NASCAR-Chase Changes Auto Racing

Breaking down Sunday’s pole qualifying for the Daytona 500

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In storybook fashion, Austin Dillon on Sunday afternoon drove the legendary No. 3 to the pole position for next Sunday’s 56th running of the Daytona 500.

It was the first time any driver has attempted to qualify the No. 3 since the late Dale Earnhardt did so in 2001, just days before he was tragically killed in a last-lap crash in the 500.

Without question, Dillon putting what many fans still to this day consider as Earnhardt’s car at the front of the field, and to take the green flag for next Sunday’s running of the Great American Race, will bring a big boost to NASCAR’s popularity — and will likely help deliver more ticket sales and higher TV ratings for the season opener.

Dillon was the only driver to exceed 196 mph, with a top qualifying run of 196.019 mph at 45.914 seconds.

Almost as surprising was Martin Truex Jr.’s impressive run to earn the outside pole for the 500. Truex was next fastest at 195.852 mph at 45.953 seconds.

That in itself is a great accomplishment, but it’s magnified by the fact that Truex is driving for a single-car operation, Furniture Row Racing. FRR made history last season when then-driver Kurt Busch made it the first single-car team to ever qualify for the Chase for the Sprint Cup.

“Front row is what we’re here for today,” Truex said. “Obviously, we can’t say enough about this team. What a great job. I think we’ve got about six miles on this car. One run yesterday, no testing down here, just an amazing job by everybody on the team.

“Obviously, I’m a pretty lucky guy to get to hold the wheel.”

Luck may have played a part in his run, but Truex had help. The same motors that powered Dillon to the pole and three other Richard Childress Racing drivers, also powered Truex’s car – putting five ECR-powered cars in the top 12 fastest rides.

After Dillon and Truex were three other RCR drivers, fifth-fastest Ryan Newman (195.707), 10th-fastest Paul Menard (194.919) and 12th-fastest Brian Scott (194.776).

Only Dillon and Truex have their qualifying spots locked in for the 500. The remainder of the 43-car field will solidify its qualifying spots on the starting grid in Thursday’s Budweiser Twin 150 Duels.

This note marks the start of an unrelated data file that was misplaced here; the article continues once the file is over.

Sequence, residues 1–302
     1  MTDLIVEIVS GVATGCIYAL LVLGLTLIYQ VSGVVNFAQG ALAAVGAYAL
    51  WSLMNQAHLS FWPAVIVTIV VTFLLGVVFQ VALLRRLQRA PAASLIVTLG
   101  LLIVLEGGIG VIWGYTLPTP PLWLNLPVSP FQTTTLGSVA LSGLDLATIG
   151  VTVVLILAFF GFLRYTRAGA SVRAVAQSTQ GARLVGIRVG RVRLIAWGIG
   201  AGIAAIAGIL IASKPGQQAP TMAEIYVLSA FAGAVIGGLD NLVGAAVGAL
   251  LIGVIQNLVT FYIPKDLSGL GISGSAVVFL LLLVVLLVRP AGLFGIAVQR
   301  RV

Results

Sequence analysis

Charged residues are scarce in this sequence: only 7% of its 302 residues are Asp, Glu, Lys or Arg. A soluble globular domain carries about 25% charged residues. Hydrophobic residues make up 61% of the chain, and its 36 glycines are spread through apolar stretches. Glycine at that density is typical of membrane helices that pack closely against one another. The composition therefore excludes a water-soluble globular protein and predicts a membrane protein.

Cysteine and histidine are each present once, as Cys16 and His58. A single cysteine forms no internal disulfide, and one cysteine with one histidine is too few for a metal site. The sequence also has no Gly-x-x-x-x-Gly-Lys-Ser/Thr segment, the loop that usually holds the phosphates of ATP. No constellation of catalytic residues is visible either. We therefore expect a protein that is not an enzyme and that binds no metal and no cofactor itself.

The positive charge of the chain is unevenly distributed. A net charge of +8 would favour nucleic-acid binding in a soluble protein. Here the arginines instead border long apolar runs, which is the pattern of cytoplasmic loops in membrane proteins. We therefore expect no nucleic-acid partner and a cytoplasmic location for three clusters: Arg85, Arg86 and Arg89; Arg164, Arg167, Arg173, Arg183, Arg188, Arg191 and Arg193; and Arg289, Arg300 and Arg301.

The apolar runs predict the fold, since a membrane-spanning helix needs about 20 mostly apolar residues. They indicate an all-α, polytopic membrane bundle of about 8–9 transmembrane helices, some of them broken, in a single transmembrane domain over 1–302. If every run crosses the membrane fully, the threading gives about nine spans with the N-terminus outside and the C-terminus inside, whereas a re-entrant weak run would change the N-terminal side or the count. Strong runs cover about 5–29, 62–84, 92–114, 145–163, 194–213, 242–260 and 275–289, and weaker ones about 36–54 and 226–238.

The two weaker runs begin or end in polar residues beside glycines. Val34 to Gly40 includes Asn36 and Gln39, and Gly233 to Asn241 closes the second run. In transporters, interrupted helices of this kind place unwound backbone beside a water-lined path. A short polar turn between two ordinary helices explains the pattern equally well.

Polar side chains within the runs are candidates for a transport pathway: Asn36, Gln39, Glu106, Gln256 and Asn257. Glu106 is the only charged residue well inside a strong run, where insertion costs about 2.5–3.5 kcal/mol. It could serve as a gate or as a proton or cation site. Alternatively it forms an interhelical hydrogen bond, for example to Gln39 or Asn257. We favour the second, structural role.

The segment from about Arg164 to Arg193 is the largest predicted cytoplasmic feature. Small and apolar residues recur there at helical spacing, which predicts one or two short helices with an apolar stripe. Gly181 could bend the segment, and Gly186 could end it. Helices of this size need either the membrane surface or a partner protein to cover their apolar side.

Let’s look at some of the other top storylines that emerged from Sunday’s activities:

* Ford power is back – well, at least in its qualifying efforts. Greg Biffle looked like he might sit on the outside pole until Truex knocked him off. But still, The Biff had a stout run of 195.818 mph. Right behind him at fourth-fastest was Roush Fenway Racing teammate Carl Edwards (195.712). Brad Keselowski’s Team Penske entry was sixth-fastest (195.296), and ninth-fastest Ricky Stenhouse Jr. (195.004) made it four Fords in the top 10. All told, Ford-powered cars clocked in seven of the 15th-fastest runs of the day, while Chevrolets had the other eight-fast speeds.

* What happened to Toyota? After Denny Hamlin won Saturday night’s Sprint Unlimited, you’d have thought Toyota drivers would have strong runs in Sunday’s pole qualifying. Unfortunately, that wasn’t the case as the fastest Toyota driver was last season’s Sprint Cup championship runner-up, Matt Kenseth, who clocked in 17th-fastest at 194.574 mph. Clint Bowyer, who made the day’s final qualifying attempt, was 20th-fastest (194.523). Kyle Busch, who stirred controversy before his run by wondering if there was a conspiracy theory to put both Dillon’s and Dale Earnhardt’s cars on the front row (Earnhardt ultimately was seventh-fastest), was only 21st fastest (194.502). Hamlin, meanwhile, was 22nd-fastest (194.477).

* Jimmie Johnson and crew chief Chad Knaus struggled all day. The No. 48 Hendrick Motorsports Chevrolet failed to get through two pre-qualifying tech inspections. The first time, the car was too wide by 1/10,000ths of an inch, and its side skirts were just under 1/64th of an inch too long. Once those problems were corrected, the car was brought back for inspection, only to be sent back again when it wound up being 1 ½ pounds lighter than minimal requirements. Knaus and crew eventually got everything up to par, but Johnson – the defending Daytona 500 winner – couldn’t muster more than a 14th-fastest speed of 194.637 mph.

* What happened to Stewart-Haas Racing? You’ll have to go pretty far down on the speed charts to find an SHR driver. Kevin Harvick paced his four teammates at 23rd-fastest (194.422), Danica Patrick was 25th-fastest (194.380), Kurt Busch was 28th-fastest (194.078) and team leader Tony Stewart was 35th-fastest (193.365). Could the motor failures that Stewart and Patrick suffered during practice Saturday have left the team gun-shy in its qualifying runs?

* Dave Blaney was supposed to make a qualifying effort but never reached the grid.

* Ageless Morgan Shepherd (okay, he’s 72) was slowest on the qualifying grid with a 48th-fastest speed (189.542).

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Alex Lynn joins DS Virgin in Formula E as reserve driver